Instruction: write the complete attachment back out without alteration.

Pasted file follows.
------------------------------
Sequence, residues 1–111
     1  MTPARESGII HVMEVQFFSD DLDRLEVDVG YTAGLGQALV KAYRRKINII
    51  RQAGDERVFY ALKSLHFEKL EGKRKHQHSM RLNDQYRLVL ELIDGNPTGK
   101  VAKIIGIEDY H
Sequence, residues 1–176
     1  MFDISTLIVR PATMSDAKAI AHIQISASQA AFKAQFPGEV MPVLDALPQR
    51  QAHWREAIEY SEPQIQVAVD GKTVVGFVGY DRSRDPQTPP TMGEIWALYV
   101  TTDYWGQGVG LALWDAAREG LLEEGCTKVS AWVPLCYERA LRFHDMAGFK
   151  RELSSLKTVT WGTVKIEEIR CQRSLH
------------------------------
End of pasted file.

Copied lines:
Sequence, residues 1–111
     1  MTPARESGII HVMEVQFFSD DLDRLEVDVG YTAGLGQALV KAYRRKINII
    51  RQAGDERVFY ALKSLHFEKL EGKRKHQHSM RLNDQYRLVL ELIDGNPTGK
   101  VAKIIGIEDY H
Sequence, residues 1–176
     1  MFDISTLIVR PATMSDAKAI AHIQISASQA AFKAQFPGEV MPVLDALPQR
    51  QAHWREAIEY SEPQIQVAVD GKTVVGFVGY DRSRDPQTPP TMGEIWALYV
   101  TTDYWGQGVG LALWDAAREG LLEEGCTKVS AWVPLCYERA LRFHDMAGFK
   151  RELSSLKTVT WGTVKIEEIR CQRSLH